Ten years ago I illegally downloaded my first album. The last thing a middle school student wanted to do in 2007 was get a virus on the family computer, so I cautiously searched through Limewire looking for a link that seemed right (I felt like Matthew Broderick in WarGames) and when I did I quickly downloaded the album to my Samsung Juke letting out a sigh of relief. That album was Souljaboytellem.com, which released on October 2, 2007.
During this time, when Soulja Boy and his ankle length jean shorts wobbled into the mainstream rap stratosphere with the cultural phenomenon "Crank That (Soulja Boy)," the general response to the rapper's rise was thinking of him as a teenage one hit wonder that fell from the sky accompanied with a catchy dance. But they were wrong. Souljaboytellem.com was the culmination of unceasing hard work, resulting in the rapper becoming the very first viral rap star and introducing the world to a future era of teenage musicians where all they need is access to Fruity Loops and social media.
Let's make one thing clear, Souljaboytellem.com is not a masterpiece (and is far from it). The album—which got pretty much universally panned by critics—is filled with great ideas that run on much too long and random instances of incessant Soulja Boy screaming. But who cares? That's not really the point of this record's influence, and moreover, the chaos is what makes it beautiful. Souljaboytellem.com is the vision of a 17-year-old rapper with almost complete control of the writing, producing, sequencing, and direction. Soulja wasn't some polished figurehead packaged by an established 30-year-old producer and tossed into the limelight. Instead, he worked with distributor Mr. Collipark—someone who had a clear understanding of Soulja Boy's vision—and effectively used the free flowing nature of social media and YouTube to set a blueprint for how to be a teenage rap star on the internet.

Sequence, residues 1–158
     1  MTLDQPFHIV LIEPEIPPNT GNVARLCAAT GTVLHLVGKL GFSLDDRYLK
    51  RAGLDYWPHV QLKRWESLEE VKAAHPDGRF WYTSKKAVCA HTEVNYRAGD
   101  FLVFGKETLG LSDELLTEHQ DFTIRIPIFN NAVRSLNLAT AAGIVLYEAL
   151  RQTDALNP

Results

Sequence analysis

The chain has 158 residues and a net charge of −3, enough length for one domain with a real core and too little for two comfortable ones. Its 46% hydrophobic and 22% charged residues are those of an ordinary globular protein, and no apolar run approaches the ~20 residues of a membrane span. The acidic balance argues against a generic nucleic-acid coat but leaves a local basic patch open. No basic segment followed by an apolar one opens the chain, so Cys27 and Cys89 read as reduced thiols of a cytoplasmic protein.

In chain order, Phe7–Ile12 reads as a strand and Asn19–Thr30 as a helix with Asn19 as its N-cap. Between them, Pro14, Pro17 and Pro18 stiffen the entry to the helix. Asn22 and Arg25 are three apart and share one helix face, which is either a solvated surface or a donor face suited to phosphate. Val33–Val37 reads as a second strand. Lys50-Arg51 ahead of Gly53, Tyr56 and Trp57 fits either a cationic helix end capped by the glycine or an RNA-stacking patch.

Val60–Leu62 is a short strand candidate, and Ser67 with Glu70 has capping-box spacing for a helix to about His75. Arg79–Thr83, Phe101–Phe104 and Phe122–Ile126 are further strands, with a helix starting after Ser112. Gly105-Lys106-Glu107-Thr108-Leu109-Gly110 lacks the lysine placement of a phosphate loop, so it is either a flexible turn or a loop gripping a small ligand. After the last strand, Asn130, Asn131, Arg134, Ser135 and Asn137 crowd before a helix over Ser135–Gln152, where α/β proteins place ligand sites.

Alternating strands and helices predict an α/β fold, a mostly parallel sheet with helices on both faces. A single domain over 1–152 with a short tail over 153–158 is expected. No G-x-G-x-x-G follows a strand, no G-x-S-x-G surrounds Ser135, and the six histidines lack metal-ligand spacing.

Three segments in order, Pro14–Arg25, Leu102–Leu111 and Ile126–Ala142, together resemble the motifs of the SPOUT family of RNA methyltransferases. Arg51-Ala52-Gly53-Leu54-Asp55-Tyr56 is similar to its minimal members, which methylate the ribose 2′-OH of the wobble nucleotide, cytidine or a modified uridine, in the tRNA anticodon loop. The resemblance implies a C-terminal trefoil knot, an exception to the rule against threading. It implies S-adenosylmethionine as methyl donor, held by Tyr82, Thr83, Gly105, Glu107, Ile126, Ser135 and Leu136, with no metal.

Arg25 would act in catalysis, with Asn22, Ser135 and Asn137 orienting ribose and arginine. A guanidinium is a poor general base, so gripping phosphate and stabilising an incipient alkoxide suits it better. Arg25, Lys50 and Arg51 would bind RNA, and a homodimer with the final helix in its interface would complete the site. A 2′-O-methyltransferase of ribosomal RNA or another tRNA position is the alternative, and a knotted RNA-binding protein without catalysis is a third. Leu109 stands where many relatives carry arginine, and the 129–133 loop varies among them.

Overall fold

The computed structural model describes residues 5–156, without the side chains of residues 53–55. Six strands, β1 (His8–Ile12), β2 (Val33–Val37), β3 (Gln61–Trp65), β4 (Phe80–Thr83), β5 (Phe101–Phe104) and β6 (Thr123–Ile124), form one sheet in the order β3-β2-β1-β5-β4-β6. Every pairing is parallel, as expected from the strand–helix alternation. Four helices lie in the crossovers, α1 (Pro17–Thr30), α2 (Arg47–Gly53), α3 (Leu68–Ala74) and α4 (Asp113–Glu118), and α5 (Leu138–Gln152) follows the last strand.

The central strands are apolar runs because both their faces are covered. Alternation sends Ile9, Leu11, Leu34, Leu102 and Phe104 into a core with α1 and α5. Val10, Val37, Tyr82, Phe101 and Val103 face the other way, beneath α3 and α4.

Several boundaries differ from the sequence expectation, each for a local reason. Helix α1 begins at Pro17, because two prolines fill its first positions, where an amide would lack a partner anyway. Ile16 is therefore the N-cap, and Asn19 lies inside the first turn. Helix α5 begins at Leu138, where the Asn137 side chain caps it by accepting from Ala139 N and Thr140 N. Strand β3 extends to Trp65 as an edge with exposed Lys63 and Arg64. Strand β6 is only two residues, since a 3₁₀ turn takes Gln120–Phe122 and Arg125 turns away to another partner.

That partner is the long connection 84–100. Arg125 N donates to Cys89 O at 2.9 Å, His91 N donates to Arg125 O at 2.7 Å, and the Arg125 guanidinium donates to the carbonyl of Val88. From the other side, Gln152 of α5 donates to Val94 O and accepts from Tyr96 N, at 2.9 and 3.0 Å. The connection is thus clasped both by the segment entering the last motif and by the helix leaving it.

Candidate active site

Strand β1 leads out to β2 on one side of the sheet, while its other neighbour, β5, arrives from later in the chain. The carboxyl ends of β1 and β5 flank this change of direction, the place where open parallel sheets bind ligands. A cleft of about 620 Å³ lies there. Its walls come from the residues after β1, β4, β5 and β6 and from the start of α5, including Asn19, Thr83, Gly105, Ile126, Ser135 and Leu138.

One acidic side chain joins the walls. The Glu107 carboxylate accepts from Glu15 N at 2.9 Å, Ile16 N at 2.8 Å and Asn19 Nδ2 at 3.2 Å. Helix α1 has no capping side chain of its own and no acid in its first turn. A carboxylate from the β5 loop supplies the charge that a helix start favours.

Prior to Soulja Boy, becoming a teenage star without label backing or a major co-sign was nearly impossible. Teenagers didn't (and still don't, because they're teenagers) have the reach or the funds to equip themselves with the proper tools to make their music at high enough quality where people would even think to give it a chance. Soulja Boy transformed the process of making music. When his hit song "Crank That (Soulja Boy)" began making the rounds, most listeners probably couldn't tell that Soulja had made the beat in minutes on a computer program called Fruity Loops (or simply FL Studio). FL Studio was initially viewed as a program solely used by entry level producers because of its efficiency and accessibility (its high percentage of illegal downloads made it available to almost anyone), which caused Soulja Boy to face criticism for not making music that was viewed to be legitimate. It didn't matter, though, as he used the packs and drum kits FL Studio had to offer to create a song good enough to ring off in nearly every club around the country. Soulja Boy birthed an era where independent music without industry backing became easier than ever to create through FL Studio, even becoming a mainstay tool for many of 2017's super producers like Boi-1da and Metro Boomin.
To say "Crank That (Soulja Boy)" was a phenomenon is doing it a disservice. For me personally, I can remember my middle school prom, an event where dancing was strongly discouraged out of fear that the gym floor would get too intimate to whatever Pussycat Dolls song was a thing at the time. However, when "Crank That (Soulja Boy)" dropped, all rules went out the window and the gym teachers chaperoning the dance took the lead and instructed kids step-by-step through the Superman dance. It's important to remember that this wasn't 2017 where rap is an insanely popular and inescapable genre of music—it was 2007 in the midst of Fall Out Boy's reign. Yet here were a couple of middle aged gym teachers who swore by Led Zeppelin memorizing a black teenage rapper's dance he created in his bedroom. That was Soulja Boy's power.